Copyright 1967, by L. Sprague de Camp
The Treasure of Tranicos
Wolves Beyond the Border (Howard & De Camp)
The Phoenix on the Sword
The Scarlet Citadel
(out of 5)
This was volume #8 in the set of anthologies put out in the 1960s by Lancer Books, then reprinted in the 70s by Ace. The books were usually edited by L. Sprague de Camp and Lin Carter, although this one was a solo effort by De Camp alone. Cumulatively the books tried to include all the canonical Conan stories written by Robert E. Howard in chronological order, at the same time including fragments which Howard had left unfinished, which they had then completed with mixed results. In this volume, only "The Phoenix on the Sword" and "The Scarlet Citadel" were original Howard stories. "Wolves Beyond the Border" was an unfinished fragment, here completed by De Camp according to notes left by REH. For the tangled history behind "The Treasure of Tranicos" see my review of that story.
"The Phoenix on the Sword" holds a special place in the official Conan canon as the very first Conan story to be published in Weird Tales (December 1932). As all loyal REH fans know, Robert E. Howard actually submitted both "The Phoenix on the Sword" and "The Frost Giant's Daughter" to editor Farnsworth Wright of which Wright rejected "The Frost Giant's Daughter" but accepted "The Phoenix on the Sword". Why he chose the one over the other will never be known, since they are both pretty good stories. But my own theory has always been that "The Frost Giant's Daughter" just didn't have enough plot, while"The Phoenix on the Sword" did.
In "The Phoenix on the Sword" readers were introduced to a Conan in his twilight years, when he had wrested the crown of Aquilonia from the bloody head of her former ruler, King Numedides. Things have not gone well after that. Conan finds his temperament more suited to swinging a broadsword than to signing official documents with a quill, and he wears the crown uneasily at best. At the same time, the people of Aquilonia, who originally welcomed him as a saviour, have gradually turned on him for his foreign blood -- a view fostered by a rebellious minstrel named Rinaldo. Desiring to give the crown to one who is of royal blood, a group of four rebels recruit the services of a villain named Ascalante. But Ascalante is merely using the rebels to gain the crown for himself. At the same time, Ascalante has a slave named Thoth-Amon, a formerly powerful Stygian wizard, now fallen on hard times ever since he lost a magic ring which was the source of his powers. The story centers around their plot to assassinate King Conan but, when Thoth-Amon rather improbably recovers his lost magic ring, he sets out to make Ascalante-bits of his cruel master with the help of an apish creature called up out of the abyss...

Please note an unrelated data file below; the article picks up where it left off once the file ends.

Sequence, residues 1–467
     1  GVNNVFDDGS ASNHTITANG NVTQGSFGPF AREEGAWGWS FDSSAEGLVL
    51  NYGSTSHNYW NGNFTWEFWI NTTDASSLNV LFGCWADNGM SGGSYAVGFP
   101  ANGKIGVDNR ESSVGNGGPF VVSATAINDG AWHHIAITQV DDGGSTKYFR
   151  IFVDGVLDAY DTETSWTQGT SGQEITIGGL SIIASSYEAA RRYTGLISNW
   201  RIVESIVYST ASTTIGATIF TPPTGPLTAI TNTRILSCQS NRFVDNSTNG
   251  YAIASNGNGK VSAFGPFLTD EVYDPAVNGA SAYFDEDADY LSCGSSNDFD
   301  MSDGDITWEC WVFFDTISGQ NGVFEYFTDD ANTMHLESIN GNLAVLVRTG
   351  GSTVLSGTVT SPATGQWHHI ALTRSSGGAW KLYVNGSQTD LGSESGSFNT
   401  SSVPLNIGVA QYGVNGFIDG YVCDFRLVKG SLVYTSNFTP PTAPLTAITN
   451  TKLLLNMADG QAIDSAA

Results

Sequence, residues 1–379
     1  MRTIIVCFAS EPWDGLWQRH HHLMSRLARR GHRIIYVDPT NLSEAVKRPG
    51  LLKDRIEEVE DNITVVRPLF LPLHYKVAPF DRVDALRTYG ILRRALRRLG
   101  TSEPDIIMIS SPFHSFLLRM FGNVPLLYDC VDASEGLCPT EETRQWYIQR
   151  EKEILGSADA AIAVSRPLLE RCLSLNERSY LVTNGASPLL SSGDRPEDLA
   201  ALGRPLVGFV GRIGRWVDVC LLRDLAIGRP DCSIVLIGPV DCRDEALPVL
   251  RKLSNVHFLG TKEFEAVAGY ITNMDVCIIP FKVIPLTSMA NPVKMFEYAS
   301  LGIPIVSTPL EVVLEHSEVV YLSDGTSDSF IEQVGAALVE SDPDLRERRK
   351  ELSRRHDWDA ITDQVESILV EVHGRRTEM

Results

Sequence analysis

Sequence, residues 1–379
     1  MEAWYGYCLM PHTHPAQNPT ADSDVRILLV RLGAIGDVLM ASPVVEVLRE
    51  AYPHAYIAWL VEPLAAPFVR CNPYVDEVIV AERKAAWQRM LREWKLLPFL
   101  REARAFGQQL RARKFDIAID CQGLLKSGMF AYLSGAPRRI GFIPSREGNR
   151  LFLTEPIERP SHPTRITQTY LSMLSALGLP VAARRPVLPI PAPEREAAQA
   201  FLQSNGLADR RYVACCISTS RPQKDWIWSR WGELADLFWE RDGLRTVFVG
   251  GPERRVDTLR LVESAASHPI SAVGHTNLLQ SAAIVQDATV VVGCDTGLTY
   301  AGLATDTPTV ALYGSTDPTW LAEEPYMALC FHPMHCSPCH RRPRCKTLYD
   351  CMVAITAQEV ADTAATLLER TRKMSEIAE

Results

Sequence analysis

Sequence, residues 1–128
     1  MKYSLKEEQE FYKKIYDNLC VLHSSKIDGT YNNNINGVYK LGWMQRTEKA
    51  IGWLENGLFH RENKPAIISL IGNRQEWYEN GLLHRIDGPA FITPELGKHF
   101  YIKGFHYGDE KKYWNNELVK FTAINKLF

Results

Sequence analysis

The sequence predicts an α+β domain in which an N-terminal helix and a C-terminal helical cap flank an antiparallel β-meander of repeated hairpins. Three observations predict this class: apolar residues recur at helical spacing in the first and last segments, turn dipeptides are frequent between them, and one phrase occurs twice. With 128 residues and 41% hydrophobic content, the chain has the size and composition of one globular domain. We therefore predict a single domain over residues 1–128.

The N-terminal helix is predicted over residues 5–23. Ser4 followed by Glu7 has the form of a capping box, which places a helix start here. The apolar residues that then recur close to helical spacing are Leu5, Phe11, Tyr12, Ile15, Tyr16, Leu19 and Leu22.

"The Phoenix on the Sword" was actually Howard's rewrite of an unpublished King Kull story, "By This Axe I Rule!". Of the two I prefer the Conan version -- it is simply better written. I think Howard had really improved in later years, and the contrast between these two tales is a good example. In the Kull yarn, everything is told in a mannered, courtly style, very slow and dramatic. Here the pace is fast and adventuresome, sweeping the reader from one plot point to another. Then too, the plot was majorly reworked. Kull was also about a group of four rebels (also a dwarf, a giant, a baron and a minstrel) recruiting an evil villain to assassinate the king. But it was also a more introspective piece, with a subplot about a young man who wants to marry a slavegirl but can't because it is against Valusian custom. The crux of the tale lies in Kull's sense of helplessness, since even he cannot change the laws of Valusia. In the end, the two plots mesh when foiling the assassination attempt awakens the barbarian side of Kull and he decides that he will take command and change the laws...and woe onto anyone who objects.
In "The Phoenix on the Sword" Howard replaced the love story with the revenge subplot about Thoth-Amon, to the betterment of the tale. The Kull story may have been more thoughtful, but the Conan yarn has more plot complications, as we wait breathlessly to see how its two plots will collide. Then too, the Kull story had no supernatural elements, while the Conan story has oodles of them.
I think Howard's greatest contribution to fantasy writing lay in this: he was virtually alone in telling stories about a hero who is not either of royal blood or at least of courtly demeanour. Whether we're talking about Burroughs or Moorcock or Tolkien, all told tales about upper class heros. Only Howard was willing to seek heroism amongst the ranks of the great unwashed (obviously, later on there were plenty of Howard imitators like Brak the Barbarian). For that reason, it is all the more interesting to see how Conan came about. In this first story, he begins as a king, thereby fitting the usual heroic critierium, but he has gained his crown through violence, usurping his throne. Thus he isn't a "real" king. Nor is he at home in the role and pines for his real identity as an uncultured barbarian. King Kull was a similar character, a member of the teeming masses masquerading as the usual fantasy hero-king. It is almost as if Howard used King Conan to sneak his barbarian hero in under the fantasy radar. And given that "The Frost Giant's Daughter" presented Conan in his full barbaric splendour, perhaps this is why Wright rejected that tale?